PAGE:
In our second instalment of “Wellness Wednesdays”, Thrive Market and I have partnered to answer two very frequently asked questions: “What are some healthy oils or fats to cook with and how do I know when to use them?”
In this article, I highlight the different healthy oils and fats for cooking that I use most often and provide some information to help you make the most of each ingredient. Each healthy oil listed here is Paleo and Whole30 friendly, making it perfectly suitable whether you’re crushing a round or discovering your Food Freedom.
If you’re new to Thrive Market, it’s an online marketplace that offers thousands of the best-selling organic foods and natural products for 25-50% below traditional retail prices. Not only do they carry a fantastic variety of healthy cooking fats, but they also stock their own Thrive Market Private Label ones, which are high-quality and more affordable than most of the competition.
If you missed our first Wellness Wednesday instalment, you can find the informative article about Paleo and Whole30 Alternative Flours here.
A General Rule of Thumb for Healthy Oils…
When it comes to deciding which healthy oil or fat to cook with, I tend to think about things in the same way that I think about ingredients and flavour combinations. First and foremost, I look to the type of cuisine and try to learn more about the oils or fats that are commonly used in that culture or geographic location.
I also try to think about what would enhance or pair with the flavours of what it is I’m cooking. As with most things in cooking, this comes through trial and error so I encourage you to experiment in the kitchen! Another consideration is the cost of the oil itself. I always try to look for the highest quality at the best possible price, which is one of the reasons I love the Thrive Market Private Label products. Lastly, I try to consider whether or not the oil is suitable to the type of cooking I’m doing.
If you think about it, there’s a reason Greek, Italian, Spanish and other Mediterranean cultures cook with extra-virgin olive oil more than any other type of fat. Olives grow in these climates so it’s a local, available and, oftentimes, sustainable ingredient. And, equally important, certain foods in these cuisines just taste better when paired with certain fats. For example, you could probably use coconut oil to make Ragu Bolognese, but it won’t taste as good if you did.
There are, however, times where I choose to break the unwritten rules for health or budget considerations. For example, I like to make Tostones with coconut oil or avocado oil because I find the flavours to pair well with one another. I often buy these oils in larger sizes so it’s budget-friendly and I prefer them because they’re healthier alternatives to the more traditional canola or refined vegetable oils commonly used to deep-fry plantains in Latin American countries.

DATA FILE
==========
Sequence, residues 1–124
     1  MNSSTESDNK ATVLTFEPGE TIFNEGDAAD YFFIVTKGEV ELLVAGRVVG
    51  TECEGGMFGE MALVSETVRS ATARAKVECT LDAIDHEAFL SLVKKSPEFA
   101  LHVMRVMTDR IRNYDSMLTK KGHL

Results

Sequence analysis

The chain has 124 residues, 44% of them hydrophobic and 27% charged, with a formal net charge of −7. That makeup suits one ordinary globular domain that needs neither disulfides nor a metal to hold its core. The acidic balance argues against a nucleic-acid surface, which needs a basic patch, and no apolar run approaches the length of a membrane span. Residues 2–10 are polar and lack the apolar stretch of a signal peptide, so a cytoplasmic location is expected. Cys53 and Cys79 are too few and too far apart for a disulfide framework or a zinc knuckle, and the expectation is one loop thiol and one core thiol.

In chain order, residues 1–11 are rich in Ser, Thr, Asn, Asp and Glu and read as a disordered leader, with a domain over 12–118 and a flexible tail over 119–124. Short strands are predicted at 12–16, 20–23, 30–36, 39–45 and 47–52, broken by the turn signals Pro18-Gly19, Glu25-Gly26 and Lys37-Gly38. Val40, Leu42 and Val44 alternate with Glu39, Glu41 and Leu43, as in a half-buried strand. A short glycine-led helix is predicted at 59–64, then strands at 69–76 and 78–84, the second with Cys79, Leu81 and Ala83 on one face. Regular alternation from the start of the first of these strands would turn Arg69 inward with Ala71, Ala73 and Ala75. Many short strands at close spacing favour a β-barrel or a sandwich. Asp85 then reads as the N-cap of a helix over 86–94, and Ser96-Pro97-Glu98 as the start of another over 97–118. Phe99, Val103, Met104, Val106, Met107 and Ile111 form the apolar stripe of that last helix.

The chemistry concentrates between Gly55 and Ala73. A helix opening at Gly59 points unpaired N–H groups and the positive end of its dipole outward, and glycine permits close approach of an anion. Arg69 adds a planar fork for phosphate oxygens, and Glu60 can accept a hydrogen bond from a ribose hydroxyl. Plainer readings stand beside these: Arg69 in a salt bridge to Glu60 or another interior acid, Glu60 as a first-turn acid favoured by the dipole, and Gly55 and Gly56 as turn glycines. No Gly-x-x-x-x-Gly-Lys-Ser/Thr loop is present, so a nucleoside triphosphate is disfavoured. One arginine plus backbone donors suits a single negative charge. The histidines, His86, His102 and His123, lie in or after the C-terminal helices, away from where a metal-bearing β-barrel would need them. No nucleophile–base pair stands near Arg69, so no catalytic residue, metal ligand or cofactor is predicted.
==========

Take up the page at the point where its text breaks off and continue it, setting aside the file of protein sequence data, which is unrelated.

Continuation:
Extra-Virgin Olive Oil
Extra-virgin olive oil is one of my go-to cooking fats. It’s great for homemade salad dressings and vinaigrettes or fresh sauces like salsa verde or chimichurri. I also use it to marinate grilled veggies like these onions. Every now and then, I will use extra-virgin olive oil when cooking foods at lower temperatures. For example, when sautéing seafood or vegetables or if roasting meats below or around 400F. I do this when I want to impart some flavour or colour into a dish.
Perhaps like you, I’ve read some conflicting studies when it comes to extra-virgin olive oil’s smoking point. Whereas some studies indicate instability and deterioration at low heat, others, like this 2007 study, report that it is suitable for cooking, insofar as it is truly extra-virgin and rich in antioxidants. Clearly, I’ll have to do some more research before siding with one conclusion over the other and I encourage you to do the same!
Refined Avocado Oil
Next to extra-virgin olive oil, avocado oil is an essential part of my day-to-day cooking. It’s incredibly versatile, neutral in flavor, light in color, and has a high-smoking point, making it suitable for cooking at high temperatures. Use it for everything from stir-fries to pan-seared steaks.
It’s extremely popular with the Paleo and Whole30 crowd because it’s not only a healthy source of fat, but it’s also neutral in flavour and light in colour, making it perfect for homemade mayonnaise.
Do not try to make homemade mayonnaise with extra-virgin olive oil. It is too bitter and will impart an undesirable flavour. Also, I advise against using “light” tasting olive oils because they are highly processed and devoid of nutrition.
Coconut oil is a healthy fat with a high-smoking point, making it suitable for cooking at hot temperatures. The trade off is that it imparts some flavor. Try using it in recipes that have complimentary flavors, such as Thai curries, Asian stir-fries, or anywhere else you want to add coconut flavor. I’m told it’s also a great conditioner for your hair. I wouldn’t know because I’m bald.
Unlike regular clarified butter, which involves skimming dairy solids as they foam on the surface, ghee is made by slowly heating butter to the point at which the dairy solidifies, browns and descends to the bottom of the pot. As a result, it is virtually dairy-free. It’s more intensely flavoured than butter with rich, nutty notes. Use it to make everything from fried eggs, to roasted potatoes, to basting chicken and steaks, to compound “butters”. Since it’s dairy-free, it has a high-smoking point and is suitable for cooking at hot temperatures.
This post is sponsored by Thrive Market. All thoughts and opinions are the author’s alone. Thank you for supporting the brands that support me.
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